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Young Beicham (Lord Bateman)

  • (Trad - Child #053)

    This girl ... came tae his big domains,
    his house, a big house,
    and she met in with his herd-boy,
    and she says to the herd-boy,

    Who owns, who owns all those flocks of sheep
    Who owns, who owns all those herds of kye
    Who owns, who owns all those wealthy towers
    And many more as I pass by

    (Spoken:) Then the boy says,
    Lord Bateman owns all those flocks of sheep
    Lord Bateman owns all those herds of kye
    Lord Bateman owns all those richly towers
    And many more as you pass by

    So she put her hand all intae her pocket,
    She drew out sovereigns, they were three
    Take you this, my little herd-boy
    For that good tidings ye have brought tae me

    So she put her hand all into her pocket,
    She pulled out sovereigns and they were three
    Oh take you this, my little herd-boy
    For this good tidings you've gave to me

    So she left the boy and she went up tae his castle, and
    she rang the bell ... So that page-boy came till her, and
    she says to the page-boy to tell his master to ...

    Send out one slice of his weddin' cake
    And one glass of his wedding wine
    And to ne'er forget on a fair young lady
    That onst released him from close confine

    So the page-boy run up the stair, and Lord Bateman says till him:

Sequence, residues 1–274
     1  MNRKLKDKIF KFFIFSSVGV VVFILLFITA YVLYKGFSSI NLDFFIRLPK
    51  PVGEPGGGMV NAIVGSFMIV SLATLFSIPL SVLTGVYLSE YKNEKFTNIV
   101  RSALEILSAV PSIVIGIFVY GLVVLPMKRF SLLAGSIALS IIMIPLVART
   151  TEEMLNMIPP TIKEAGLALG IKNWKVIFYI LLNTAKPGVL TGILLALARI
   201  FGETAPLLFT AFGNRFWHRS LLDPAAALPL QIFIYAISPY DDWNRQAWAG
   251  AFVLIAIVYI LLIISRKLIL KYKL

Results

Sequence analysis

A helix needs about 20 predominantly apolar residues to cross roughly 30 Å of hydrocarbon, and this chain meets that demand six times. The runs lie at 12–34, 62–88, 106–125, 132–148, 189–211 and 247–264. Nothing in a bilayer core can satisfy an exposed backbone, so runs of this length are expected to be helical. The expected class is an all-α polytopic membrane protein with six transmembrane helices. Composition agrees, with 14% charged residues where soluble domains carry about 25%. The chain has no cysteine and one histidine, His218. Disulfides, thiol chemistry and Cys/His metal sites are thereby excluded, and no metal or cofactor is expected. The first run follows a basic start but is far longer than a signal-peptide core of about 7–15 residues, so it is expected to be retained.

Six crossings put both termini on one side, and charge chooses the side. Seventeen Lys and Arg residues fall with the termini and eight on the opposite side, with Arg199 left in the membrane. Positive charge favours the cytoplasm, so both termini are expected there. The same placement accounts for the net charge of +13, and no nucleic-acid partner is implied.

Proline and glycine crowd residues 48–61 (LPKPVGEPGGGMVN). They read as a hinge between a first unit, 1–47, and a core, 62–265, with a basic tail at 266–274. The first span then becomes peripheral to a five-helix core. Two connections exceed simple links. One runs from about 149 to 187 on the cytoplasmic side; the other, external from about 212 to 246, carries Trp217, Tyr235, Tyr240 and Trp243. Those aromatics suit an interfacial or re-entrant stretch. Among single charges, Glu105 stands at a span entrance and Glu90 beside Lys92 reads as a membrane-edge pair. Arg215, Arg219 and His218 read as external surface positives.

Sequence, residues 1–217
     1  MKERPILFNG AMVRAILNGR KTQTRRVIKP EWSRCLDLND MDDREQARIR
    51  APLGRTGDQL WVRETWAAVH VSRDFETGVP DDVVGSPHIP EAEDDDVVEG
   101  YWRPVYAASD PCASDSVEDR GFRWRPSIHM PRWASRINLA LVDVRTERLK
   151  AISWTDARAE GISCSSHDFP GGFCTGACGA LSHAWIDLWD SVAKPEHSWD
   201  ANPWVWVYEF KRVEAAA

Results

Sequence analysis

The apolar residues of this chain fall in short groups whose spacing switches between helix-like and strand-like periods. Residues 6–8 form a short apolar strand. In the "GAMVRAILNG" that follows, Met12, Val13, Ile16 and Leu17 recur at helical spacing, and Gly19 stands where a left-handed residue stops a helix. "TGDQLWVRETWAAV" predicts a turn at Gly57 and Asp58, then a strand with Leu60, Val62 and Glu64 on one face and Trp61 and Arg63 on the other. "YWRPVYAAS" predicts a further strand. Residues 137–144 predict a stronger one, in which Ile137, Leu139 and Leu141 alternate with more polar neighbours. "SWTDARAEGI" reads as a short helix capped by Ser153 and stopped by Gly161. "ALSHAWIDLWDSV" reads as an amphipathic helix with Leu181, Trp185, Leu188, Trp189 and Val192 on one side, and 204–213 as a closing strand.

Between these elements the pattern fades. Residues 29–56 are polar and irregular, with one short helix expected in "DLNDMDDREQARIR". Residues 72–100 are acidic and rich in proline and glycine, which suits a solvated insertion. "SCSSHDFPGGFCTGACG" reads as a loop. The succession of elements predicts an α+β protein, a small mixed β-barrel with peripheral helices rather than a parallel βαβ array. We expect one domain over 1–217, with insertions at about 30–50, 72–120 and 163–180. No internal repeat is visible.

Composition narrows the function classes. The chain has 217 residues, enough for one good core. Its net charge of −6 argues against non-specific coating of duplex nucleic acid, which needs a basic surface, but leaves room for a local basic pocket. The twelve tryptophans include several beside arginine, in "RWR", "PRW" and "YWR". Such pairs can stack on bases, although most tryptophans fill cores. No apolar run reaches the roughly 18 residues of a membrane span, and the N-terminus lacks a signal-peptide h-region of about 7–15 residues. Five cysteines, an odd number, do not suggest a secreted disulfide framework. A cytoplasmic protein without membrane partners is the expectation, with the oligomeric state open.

What news, what news, my little page-boy
    When ye kneel so low down upon your knee ...

    Out spakes his young bride's mother
    And oh, what an angry woman was she
    You'll have to wed my youngest daughter
    Although Susan Pirate's came o'er the sea

    (as sung by Bella Higgins)

Susannes Folksong-Notizen

  • [1880:] Young Beichan and Susie Pye, or Young Beikie, though an English ballad, was very popular at one time throughout Scotland, especially in the Border counties. The hero of the ballad, Young Beichan, was Gilbert Beket, father of the martyr St. Thomas of Canterbury. The story is told in Robert of Gloucester's "Life and Martyrdom of Thomas Beket", and coincides pretty closely with the incidents in the ballad. Susie Pye, an uncouth corruption of the young Saraceness's real name, is spoken of in the chronicle as the daughter of the Saracen Prince Admirand. There are a great number of versions of the ballad, as it has been preserved, so far as we are aware, solely by tradition, and these differ to some extent. [Child 53A] indicates that before marriage the young lady renounced the faith of her fathers and became a Christian. "The fountain stane" is the baptismal font. (Ord, Glasgow Weekly Herald, May 8)

  • [1912:] A modern version of this story, called The Loving Ballad of John Bateman, was illustrated by George Cruikshank in 1839; and by some editors it is called Young Bondwell. It agrees in its main outline with the well- known legend about Gilbert Becket, father of St. Thomas, who was taken captive by the Saracens and beloved by the daughter of Prince Admiraud. Every one remembers that, after his escape, she followed him with no knowledge of English beyond the two words, 'Gilbert' and 'London', and became his wife. (Johnson, Ballads xxviii)

  • [1956:] Here again we have a simple story rather well preserved in tradition. So consistent is it, in fact, that we must suppose it to have been frequently fortified or refreshed by 19th century broadside printings. [...] The ballad has a strong and consistent and beautiful melodic tradition, and habitually no refrain. (Bronson, Ballad 166f)